This week is National Apprenticeship Week.
Apprenticeships are really important, a fact we recognised in government when apprenticeships, which had fallen out of fashion, increased from 70,000 in 1997 to quarter of a million in 2010.
This government has proclaimed “apprenticeships, apprenticeships, apprenticeships”, but the rhetoric is not always matched by reality.
I’ve met and talked to apprentices from pharmaceuticals to fishing and I’ve seen some good practice, including ‘buddying up’. Buddying up is where big companies take on apprentices to ensure a future supply for smaller companies and supply chains, such as Accenture supporting small IT companies.
There are, however, problems, including SME’s accessing apprenticeships and attracting younger applicants.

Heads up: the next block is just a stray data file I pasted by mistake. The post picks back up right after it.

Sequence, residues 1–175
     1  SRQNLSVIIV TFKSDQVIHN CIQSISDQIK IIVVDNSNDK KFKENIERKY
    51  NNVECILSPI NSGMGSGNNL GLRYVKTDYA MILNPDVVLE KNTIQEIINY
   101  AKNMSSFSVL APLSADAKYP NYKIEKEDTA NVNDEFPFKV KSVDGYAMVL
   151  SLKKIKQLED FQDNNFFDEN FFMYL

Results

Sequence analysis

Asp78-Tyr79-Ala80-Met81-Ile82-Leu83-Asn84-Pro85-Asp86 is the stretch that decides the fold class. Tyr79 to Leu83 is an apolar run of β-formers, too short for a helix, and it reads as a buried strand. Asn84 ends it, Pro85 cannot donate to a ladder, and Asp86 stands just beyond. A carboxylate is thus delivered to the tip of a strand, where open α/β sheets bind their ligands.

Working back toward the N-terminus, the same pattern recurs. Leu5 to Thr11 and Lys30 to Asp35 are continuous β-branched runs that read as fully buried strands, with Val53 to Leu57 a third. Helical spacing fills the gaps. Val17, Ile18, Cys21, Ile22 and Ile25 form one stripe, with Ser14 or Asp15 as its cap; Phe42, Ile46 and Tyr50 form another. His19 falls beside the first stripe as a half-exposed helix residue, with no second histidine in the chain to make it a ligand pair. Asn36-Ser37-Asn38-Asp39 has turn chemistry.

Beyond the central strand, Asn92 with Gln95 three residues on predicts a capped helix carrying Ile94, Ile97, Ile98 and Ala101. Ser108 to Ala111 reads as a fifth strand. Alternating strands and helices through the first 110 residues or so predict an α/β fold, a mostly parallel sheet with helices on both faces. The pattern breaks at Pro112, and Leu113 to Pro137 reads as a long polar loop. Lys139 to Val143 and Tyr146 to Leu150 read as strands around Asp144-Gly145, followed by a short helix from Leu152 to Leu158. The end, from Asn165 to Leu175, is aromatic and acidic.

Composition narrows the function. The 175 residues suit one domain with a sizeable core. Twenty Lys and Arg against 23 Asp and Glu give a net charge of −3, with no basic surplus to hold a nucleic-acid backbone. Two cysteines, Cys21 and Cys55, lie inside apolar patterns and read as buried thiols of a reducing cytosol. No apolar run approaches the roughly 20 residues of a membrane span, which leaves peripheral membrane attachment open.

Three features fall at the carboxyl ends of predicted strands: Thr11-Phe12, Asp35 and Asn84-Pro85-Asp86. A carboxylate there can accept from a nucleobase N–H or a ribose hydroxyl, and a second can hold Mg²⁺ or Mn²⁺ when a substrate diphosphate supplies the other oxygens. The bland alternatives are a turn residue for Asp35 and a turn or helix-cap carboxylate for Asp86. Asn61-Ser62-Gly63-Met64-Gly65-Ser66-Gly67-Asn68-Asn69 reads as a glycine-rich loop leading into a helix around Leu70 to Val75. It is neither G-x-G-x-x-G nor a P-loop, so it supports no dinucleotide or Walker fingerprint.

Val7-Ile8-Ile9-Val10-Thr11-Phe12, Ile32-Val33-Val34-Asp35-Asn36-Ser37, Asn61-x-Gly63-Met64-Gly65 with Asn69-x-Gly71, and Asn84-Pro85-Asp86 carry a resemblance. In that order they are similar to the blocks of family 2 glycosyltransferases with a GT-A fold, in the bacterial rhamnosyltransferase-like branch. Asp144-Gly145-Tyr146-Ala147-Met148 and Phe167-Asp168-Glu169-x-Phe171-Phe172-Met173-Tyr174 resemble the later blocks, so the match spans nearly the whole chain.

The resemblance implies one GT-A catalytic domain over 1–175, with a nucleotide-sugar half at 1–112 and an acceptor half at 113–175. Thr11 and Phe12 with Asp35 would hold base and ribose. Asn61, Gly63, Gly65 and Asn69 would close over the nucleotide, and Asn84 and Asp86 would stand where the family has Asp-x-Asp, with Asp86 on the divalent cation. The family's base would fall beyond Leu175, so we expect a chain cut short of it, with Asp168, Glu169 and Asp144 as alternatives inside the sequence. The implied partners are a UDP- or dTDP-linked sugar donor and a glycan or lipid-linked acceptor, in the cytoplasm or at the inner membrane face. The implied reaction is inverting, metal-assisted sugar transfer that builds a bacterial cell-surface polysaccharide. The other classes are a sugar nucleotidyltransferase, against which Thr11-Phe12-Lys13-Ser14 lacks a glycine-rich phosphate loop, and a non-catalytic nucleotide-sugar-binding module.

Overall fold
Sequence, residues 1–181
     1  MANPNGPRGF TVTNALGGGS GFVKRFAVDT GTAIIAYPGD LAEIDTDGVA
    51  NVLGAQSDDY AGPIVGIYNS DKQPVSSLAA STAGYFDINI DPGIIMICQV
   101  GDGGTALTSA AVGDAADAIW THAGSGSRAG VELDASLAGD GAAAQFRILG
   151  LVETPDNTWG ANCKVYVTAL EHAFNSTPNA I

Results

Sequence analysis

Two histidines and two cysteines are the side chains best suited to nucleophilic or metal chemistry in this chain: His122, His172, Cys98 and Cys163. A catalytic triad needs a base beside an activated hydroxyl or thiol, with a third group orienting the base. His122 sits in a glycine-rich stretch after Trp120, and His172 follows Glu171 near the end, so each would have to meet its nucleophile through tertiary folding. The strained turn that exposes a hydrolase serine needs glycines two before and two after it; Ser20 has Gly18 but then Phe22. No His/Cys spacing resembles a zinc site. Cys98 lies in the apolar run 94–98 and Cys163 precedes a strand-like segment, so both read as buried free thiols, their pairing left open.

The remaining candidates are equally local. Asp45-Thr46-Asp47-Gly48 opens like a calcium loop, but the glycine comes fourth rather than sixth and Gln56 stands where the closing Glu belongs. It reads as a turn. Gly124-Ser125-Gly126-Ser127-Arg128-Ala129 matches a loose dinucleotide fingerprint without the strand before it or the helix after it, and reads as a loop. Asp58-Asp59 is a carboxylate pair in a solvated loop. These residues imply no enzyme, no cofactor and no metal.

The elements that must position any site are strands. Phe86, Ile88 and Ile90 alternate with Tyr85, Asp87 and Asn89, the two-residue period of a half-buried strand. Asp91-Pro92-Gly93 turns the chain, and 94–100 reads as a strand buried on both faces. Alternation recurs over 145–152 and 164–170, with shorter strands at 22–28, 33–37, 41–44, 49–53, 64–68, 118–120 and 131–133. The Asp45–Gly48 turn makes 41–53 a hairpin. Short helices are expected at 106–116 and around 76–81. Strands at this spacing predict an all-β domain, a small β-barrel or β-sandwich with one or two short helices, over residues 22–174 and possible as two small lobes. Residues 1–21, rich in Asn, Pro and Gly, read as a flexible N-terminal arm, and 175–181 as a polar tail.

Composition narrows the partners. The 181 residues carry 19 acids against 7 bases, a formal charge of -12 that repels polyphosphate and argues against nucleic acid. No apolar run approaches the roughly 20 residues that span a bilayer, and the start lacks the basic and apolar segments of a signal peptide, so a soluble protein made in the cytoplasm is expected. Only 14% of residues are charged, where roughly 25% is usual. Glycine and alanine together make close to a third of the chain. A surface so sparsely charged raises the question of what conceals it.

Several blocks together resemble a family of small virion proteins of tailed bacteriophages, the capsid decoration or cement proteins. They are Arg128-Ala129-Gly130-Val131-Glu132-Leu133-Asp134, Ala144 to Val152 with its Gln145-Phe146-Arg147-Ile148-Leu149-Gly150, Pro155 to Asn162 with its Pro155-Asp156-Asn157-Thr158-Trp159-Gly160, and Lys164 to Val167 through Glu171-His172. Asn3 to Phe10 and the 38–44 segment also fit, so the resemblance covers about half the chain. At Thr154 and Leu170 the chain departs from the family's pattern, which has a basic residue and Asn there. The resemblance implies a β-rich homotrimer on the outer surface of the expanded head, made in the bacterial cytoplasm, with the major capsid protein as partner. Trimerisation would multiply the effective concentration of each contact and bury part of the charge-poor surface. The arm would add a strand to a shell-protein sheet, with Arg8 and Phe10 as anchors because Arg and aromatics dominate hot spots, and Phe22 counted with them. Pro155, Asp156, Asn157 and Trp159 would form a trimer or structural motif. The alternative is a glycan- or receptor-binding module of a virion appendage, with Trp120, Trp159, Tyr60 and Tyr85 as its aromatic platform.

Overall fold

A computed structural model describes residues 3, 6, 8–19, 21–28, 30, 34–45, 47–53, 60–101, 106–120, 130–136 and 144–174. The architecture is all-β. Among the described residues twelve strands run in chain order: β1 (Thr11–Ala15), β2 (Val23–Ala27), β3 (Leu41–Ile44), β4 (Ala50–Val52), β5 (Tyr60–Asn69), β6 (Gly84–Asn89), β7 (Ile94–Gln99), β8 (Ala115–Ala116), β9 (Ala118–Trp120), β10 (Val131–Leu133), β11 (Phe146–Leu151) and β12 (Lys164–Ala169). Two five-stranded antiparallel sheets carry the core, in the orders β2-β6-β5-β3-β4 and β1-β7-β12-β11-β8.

There’s also concern for youngsters for whom apprenticeships may be a big step.
Take the Northumbria Youth Action project in North Shields.
It has around 100 young people on its books. Most have struggled at school and learning in a workplace environment comes as a relief for them, and probably for their school.
Others arrive as former NEET’s. They begin a study programme to get them work ready and some go on to apprenticeships.
Yet small successful projects often find accessing funding difficult. They also face new T-Levels, which focus on classroom learning, often the reason they struggled at school. On top of that, the Education Skills Funding Agency sometimes tends to micromanage.
Apprenticeships are crucial, but they, and some of the smaller providers, need to be valued.